I remember my childhood preacher telling a story about one of his children being punished at home. The details of what had happened for the kid to be in trouble are a bit foggy, but all these years later I can distinctly remember the punishment that was given: The child was not allowed to do Saturday chores with their family.
Can you imagine that? A parent telling their child that since they misbehaved, they were not allowed to partner with the family to do yard work or clean the house? Perhaps too often, we tend to think the opposite of this. Work IS the punishment. Laziness and lounging around is the reward. But think about the message we could send if we help people shift their mindset to see work as a privilege that could be taken away.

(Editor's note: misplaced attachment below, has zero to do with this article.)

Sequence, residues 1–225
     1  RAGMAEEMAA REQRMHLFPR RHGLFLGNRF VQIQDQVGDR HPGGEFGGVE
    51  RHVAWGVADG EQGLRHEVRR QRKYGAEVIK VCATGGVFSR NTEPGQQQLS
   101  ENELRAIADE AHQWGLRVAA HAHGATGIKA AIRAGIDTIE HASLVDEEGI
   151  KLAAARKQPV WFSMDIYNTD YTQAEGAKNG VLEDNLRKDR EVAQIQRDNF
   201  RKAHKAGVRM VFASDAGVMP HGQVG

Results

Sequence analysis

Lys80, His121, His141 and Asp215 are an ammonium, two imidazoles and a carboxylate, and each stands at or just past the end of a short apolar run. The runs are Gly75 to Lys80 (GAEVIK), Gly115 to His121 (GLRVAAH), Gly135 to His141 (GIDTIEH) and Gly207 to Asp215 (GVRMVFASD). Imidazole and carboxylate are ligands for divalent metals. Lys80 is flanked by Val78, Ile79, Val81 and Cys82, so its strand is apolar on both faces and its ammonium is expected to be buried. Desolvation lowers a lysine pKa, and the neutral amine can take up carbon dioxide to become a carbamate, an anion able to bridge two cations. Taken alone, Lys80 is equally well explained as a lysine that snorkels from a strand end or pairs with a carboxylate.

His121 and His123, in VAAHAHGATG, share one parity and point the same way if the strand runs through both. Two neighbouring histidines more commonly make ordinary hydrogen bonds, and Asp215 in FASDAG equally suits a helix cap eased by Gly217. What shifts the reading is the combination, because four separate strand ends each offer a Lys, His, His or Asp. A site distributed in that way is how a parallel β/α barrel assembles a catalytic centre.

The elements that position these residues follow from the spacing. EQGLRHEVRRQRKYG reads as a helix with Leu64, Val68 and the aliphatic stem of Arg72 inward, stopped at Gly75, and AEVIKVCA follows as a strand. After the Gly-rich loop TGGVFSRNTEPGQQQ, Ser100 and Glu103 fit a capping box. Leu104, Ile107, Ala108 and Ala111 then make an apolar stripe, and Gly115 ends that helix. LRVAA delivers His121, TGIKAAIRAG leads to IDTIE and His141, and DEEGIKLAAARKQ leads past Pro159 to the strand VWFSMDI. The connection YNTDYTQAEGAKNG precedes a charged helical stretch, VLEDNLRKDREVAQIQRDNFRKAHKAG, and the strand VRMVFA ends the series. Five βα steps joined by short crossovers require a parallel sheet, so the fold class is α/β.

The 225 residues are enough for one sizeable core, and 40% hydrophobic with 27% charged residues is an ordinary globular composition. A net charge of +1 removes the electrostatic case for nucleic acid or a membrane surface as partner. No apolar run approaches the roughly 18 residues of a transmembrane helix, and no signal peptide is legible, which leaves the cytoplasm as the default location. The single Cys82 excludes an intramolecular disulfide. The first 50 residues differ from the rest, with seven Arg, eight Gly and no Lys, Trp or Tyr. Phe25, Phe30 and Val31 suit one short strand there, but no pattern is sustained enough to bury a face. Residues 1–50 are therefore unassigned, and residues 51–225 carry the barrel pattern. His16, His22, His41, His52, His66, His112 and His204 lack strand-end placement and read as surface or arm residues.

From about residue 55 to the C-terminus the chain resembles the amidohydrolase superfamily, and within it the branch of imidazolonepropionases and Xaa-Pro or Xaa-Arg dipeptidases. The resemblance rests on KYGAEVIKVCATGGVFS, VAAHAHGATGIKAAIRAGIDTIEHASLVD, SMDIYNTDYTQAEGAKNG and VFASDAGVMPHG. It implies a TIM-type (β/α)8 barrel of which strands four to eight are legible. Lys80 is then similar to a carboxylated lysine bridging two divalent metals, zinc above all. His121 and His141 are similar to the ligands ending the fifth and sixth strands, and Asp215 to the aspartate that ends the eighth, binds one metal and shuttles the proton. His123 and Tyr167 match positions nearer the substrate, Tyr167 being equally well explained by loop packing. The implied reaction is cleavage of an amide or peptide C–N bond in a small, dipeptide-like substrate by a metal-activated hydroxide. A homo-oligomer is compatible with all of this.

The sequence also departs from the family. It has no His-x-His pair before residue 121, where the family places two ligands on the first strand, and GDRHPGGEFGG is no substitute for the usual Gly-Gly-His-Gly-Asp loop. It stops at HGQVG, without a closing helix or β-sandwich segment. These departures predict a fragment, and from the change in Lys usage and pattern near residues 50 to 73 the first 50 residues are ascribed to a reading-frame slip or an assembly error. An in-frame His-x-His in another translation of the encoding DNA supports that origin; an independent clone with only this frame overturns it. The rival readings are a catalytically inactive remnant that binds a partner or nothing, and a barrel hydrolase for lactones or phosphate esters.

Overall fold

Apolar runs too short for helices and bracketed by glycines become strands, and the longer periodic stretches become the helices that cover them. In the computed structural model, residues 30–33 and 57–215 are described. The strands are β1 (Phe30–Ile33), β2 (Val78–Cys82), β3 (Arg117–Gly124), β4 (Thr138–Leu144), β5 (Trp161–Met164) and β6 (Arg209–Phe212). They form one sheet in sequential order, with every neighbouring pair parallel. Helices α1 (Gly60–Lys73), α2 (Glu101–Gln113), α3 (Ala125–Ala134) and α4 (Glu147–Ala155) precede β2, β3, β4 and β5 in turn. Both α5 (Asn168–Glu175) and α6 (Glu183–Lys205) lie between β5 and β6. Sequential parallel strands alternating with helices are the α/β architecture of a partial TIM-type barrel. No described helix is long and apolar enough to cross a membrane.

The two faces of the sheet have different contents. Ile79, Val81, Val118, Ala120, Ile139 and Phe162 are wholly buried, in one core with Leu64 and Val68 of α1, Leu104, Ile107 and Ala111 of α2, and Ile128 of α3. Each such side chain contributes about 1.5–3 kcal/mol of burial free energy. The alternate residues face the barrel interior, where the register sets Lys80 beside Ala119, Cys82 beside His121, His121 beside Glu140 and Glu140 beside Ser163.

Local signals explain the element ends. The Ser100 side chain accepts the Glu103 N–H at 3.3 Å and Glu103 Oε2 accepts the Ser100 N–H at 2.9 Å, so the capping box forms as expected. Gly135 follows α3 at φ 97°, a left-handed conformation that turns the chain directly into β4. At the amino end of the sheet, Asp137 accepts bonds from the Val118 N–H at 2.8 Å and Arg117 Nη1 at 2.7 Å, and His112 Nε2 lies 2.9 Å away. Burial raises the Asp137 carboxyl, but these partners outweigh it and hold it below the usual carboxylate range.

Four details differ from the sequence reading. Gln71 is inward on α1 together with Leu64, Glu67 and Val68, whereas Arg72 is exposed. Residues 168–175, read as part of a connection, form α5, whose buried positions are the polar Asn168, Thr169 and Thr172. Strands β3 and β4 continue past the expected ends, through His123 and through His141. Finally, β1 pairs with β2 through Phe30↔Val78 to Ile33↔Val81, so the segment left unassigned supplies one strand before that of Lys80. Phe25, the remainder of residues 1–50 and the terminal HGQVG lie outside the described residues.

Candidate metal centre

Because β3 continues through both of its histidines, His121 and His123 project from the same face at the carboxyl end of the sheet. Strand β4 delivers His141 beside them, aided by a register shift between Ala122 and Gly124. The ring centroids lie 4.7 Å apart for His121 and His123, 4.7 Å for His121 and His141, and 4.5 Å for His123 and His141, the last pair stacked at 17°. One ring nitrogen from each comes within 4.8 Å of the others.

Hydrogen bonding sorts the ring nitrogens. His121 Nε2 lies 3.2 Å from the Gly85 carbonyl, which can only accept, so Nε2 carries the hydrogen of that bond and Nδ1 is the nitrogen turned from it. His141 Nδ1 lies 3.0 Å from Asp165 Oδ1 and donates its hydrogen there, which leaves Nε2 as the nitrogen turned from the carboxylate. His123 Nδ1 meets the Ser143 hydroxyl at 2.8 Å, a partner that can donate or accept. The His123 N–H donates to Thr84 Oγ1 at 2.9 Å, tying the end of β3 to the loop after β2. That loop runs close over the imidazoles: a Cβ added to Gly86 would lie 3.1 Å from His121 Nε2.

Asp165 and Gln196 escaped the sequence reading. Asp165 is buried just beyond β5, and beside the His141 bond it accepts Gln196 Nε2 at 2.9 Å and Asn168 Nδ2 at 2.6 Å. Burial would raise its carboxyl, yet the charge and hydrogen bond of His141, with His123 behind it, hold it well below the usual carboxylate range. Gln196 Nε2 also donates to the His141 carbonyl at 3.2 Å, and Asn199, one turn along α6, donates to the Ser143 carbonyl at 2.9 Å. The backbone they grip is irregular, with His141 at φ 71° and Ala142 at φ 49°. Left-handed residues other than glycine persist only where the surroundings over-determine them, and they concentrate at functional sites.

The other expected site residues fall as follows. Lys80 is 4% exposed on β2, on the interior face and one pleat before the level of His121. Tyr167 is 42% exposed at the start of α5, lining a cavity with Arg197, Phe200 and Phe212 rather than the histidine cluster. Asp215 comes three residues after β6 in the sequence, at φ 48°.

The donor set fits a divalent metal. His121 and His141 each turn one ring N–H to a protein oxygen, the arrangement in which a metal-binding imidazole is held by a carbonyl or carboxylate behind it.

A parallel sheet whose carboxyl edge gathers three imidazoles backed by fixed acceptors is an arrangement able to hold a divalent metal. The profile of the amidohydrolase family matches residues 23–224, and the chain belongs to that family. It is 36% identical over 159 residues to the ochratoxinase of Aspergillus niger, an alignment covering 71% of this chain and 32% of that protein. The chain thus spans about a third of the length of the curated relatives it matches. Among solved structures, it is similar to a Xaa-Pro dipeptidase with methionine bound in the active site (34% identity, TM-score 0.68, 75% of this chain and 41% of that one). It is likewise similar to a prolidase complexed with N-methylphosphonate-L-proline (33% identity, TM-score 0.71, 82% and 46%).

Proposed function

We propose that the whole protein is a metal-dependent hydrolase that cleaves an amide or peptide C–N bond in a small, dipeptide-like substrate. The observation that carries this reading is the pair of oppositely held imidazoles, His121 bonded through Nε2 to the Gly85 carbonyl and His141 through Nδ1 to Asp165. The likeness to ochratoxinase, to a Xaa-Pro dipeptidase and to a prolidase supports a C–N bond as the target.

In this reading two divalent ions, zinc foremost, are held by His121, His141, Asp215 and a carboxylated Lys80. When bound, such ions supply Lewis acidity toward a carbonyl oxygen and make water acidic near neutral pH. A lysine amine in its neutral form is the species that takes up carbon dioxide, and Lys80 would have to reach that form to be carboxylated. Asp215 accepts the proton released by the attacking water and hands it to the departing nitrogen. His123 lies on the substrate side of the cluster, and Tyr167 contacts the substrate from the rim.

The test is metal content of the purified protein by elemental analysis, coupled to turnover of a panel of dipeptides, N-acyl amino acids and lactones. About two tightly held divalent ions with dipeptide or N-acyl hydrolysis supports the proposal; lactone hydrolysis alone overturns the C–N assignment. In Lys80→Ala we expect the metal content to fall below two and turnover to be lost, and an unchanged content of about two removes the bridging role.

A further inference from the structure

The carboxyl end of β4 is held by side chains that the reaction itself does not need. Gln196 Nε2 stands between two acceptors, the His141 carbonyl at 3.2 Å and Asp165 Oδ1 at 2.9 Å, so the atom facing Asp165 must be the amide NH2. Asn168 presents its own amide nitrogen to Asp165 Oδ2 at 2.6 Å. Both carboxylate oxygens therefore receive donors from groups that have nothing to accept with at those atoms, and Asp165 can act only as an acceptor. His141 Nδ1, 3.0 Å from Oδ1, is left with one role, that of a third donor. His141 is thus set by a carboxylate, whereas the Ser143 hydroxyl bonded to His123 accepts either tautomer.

Good work: “Think about the message we could send if we help people shift their mindset to see work as a privilege that could be taken away.”
2. Work is an acquired taste.
That same preacher, perhaps in that same sermon, also described hard work as something that we needed to acquire a taste for. I’ve always thought this was an apt description of the way most people learn to appreciate and enjoy hard work. When you think about teaching a kid to try a new food, the best way isn’t to cram it down their throats by the spoonful. Instead, you give them a taste. You let them experience it honestly. You model an appreciation for eating it first, describing what you enjoy about it. And you give it time.
When it comes to helping someone learn to enjoy hard work, I think there are many similarities. Invite the person to join you. Model for them what you can enjoy about working hard and describe the benefits. But don’t be discouraged if it takes some time for them to acquire the taste for it, bit by bit.
Good work: “Model for them what you can enjoy about working hard and describe the benefits.”
3. Work is something to celebrate and appreciate.